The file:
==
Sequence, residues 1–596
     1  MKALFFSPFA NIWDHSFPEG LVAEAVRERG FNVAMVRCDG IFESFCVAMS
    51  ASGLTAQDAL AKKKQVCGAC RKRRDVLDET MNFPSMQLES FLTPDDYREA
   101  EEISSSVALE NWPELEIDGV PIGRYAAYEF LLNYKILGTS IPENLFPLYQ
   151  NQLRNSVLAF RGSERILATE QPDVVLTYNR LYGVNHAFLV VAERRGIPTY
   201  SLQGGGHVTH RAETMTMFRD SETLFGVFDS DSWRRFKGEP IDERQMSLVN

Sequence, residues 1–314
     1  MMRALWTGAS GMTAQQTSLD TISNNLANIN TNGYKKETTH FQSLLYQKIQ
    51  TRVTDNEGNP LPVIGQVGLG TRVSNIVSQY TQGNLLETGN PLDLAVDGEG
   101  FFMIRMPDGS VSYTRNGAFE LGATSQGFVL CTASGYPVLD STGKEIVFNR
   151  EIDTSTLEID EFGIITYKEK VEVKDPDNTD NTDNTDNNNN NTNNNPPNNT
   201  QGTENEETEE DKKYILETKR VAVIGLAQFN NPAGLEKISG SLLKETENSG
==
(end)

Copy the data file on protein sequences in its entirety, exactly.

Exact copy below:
Sequence, residues 1–596
     1  MKALFFSPFA NIWDHSFPEG LVAEAVRERG FNVAMVRCDG IFESFCVAMS
    51  ASGLTAQDAL AKKKQVCGAC RKRRDVLDET MNFPSMQLES FLTPDDYREA
   101  EEISSSVALE NWPELEIDGV PIGRYAAYEF LLNYKILGTS IPENLFPLYQ
   151  NQLRNSVLAF RGSERILATE QPDVVLTYNR LYGVNHAFLV VAERRGIPTY
   201  SLQGGGHVTH RAETMTMFRD SETLFGVFDS DSWRRFKGEP IDERQMSLVN

Sequence, residues 1–314
     1  MMRALWTGAS GMTAQQTSLD TISNNLANIN TNGYKKETTH FQSLLYQKIQ
    51  TRVTDNEGNP LPVIGQVGLG TRVSNIVSQY TQGNLLETGN PLDLAVDGEG
   101  FFMIRMPDGS VSYTRNGAFE LGATSQGFVL CTASGYPVLD STGKEIVFNR
   151  EIDTSTLEID EFGIITYKEK VEVKDPDNTD NTDNTDNNNN NTNNNPPNNT
   201  QGTENEETEE DKKYILETKR VAVIGLAQFN NPAGLEKISG SLLKETENSG